The World Resources Institute held a discussion on September 29th, titled “Strong Public Policies To Restore Land, Breaking Through the Barriers to Success,” illuminating the need for current policies around the world to be changed. Putting money in the wrong places through policies that discourage farmers and marginalized groups has led to deforestation and land degradation throughout the world. Changing the current policies regarding land tenure, land regulation and general land usage can lead to helping restore our environment for years to come.
David Kaimowitz, a Forest and Farm Facility (FFF) Manager, spoke first in our discussion regarding potential changes to policies that would be helpful around the world. First, he acknowledged some challenges that we face with the current guidelines. Farmers don’t have the rights to harvest the trees they plant or let grow, so they have less incentive to want to plant trees. This lack of rights discourages land restoration and encourages degradation. Also because of tenure problems, communities can’t protect their land. They do not have the rights to hold the land, so their land is subject to being taken easily. This creates a system where farmers clear forests to get land rights. This is a failure of the policies, leading small farmers and citizens to try and hold onto a difficult commodity and creating a system of imbalance and landscape destruction.
Other challenges abound from current regulatory policies as well. Villagers find it too costly or difficult to supply forest products legally, leading to illegal means often at the cost of the environment. Women also face challenges of marginalization from the policies, which decreases participation in many agricultural activities. Benin has worked to solve this problem. Mapping, marking, and documenting plots in communal land boosted women’s land rights, resulting in households planting 43% more trees. This led to the disappearance in the gender gap of land fallowing and usage.
The High Atlas Foundation (HAF), of Morocco, also works tirelessly to decrease marginalization of women and youth and increase participation in agriculture. Allowing marginalized individuals to have the opportunities to use the land can help families overall and create a better system that helps our environment.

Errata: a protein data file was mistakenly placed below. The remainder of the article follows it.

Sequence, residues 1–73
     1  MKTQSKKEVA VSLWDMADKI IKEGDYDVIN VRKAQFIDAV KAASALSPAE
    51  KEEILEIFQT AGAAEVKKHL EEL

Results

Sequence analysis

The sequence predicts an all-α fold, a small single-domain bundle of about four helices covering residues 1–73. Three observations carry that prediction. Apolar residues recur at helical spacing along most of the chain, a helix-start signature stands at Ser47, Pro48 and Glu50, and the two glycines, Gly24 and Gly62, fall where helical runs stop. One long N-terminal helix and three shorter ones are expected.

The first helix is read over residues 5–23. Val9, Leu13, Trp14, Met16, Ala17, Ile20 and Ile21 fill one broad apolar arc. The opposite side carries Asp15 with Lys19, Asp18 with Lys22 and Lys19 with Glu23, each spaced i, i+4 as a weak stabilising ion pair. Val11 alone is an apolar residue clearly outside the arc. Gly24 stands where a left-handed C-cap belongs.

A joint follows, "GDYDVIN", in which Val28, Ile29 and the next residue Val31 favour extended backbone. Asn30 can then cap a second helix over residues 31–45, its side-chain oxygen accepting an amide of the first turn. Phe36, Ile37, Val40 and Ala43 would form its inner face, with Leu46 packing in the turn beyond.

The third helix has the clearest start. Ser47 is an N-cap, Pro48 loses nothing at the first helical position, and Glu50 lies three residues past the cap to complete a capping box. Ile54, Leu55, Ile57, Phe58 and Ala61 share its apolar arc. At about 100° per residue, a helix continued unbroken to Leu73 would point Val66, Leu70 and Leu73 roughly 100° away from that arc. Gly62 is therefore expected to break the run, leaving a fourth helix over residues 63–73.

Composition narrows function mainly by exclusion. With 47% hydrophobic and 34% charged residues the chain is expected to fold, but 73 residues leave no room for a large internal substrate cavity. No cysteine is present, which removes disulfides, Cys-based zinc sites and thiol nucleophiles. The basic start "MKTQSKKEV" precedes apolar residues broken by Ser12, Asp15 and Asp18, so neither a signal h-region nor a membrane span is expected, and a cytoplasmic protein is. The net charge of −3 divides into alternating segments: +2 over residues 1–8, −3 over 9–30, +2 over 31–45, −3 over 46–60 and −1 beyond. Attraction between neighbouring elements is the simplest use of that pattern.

He also discussed problems facing Ghana and Mexico today. Current land tenure management recognizes farmers’ rights to plant but not to regrow. This insecurity of farmers’ rights leads to many issues for the environment. If you cannot control your land after you timber it, then you must move on to other land to continue your livelihood. Deforestation is rampant when this occurs, so policy changes could drastically help this situation.
In Mexico, there is a growing problem of overregulation. Officials are arbitrarily deciding that people can’t log as much timber as land management says, causing inefficiency and distrust. Farmers and the environment are suffering because of either incorrect policies or lack of regulation. This can lead to illegal activity as well, so David Kaimowitz finished with his idea for how to solve this. He said, “If we want to promote legality, we need to reduce the cost of being legal.” Taxes, bribes, and delays in getting permits need to be reduced in order for farmers to have enough footing in their areas to farm responsibly and legally for the environment.
Our next speaker, Dr. Jennifer Alex-Garcia, professor at Oregon State University, spoke on why we have such a problem with forest protection today and what we can do to fix it. In economic terms, forests are a market failure. A market failure is where there is an inefficient distribution of goods and services, creating a net loss of economic value for the parties involved. Dr. Alex-Garcia’s example refers to how forest owners bear the full costs of upkeep for their forests, but don’t reap the full benefits as these benefits are shared around the world. This leads to deforestation as it is sometimes more expensive to preserve a forest rather than cut it down.
This is where policies come into play to help. She discussed how we can give the land some monetary value that the market doesn’t capture, working to reduce the benefits of alternative land uses such as deforestation. Dr. Alex-Garcia also called for policies to decrease the cost of reforestation and increase funding to build on existing seedbanks. HAF has been working to continually improve technology, logistics, and opportunities for marginalized communities to help decrease these costs. In addition, they partnered with Land O’ Lakes International Development and USAID’s Farmer to Farmer program to create a seedbank and help smallholder rural farmers around Morocco.
Dr. Alex-Garcia finished with a consideration for the future. Countries are working to pay farmers to restore and preserve forests around the world, and this has led to fantastic results. In Mexico, payments have been made to conserve land and this has reduced vegetation loss in enrolled lands by 25-50 percent. But she asked , “How long will we need to keep paying to protect our forests?” While it could potentially be forever, I don’t consider this necessarily a bad thing. Humans have been paying for certain things since nearly their inception, so maybe paying to keep our forests and trees around isn’t so bad.
Henry Prillaman is a student at the University of Virginia and an intern at the High Atlas Foundation.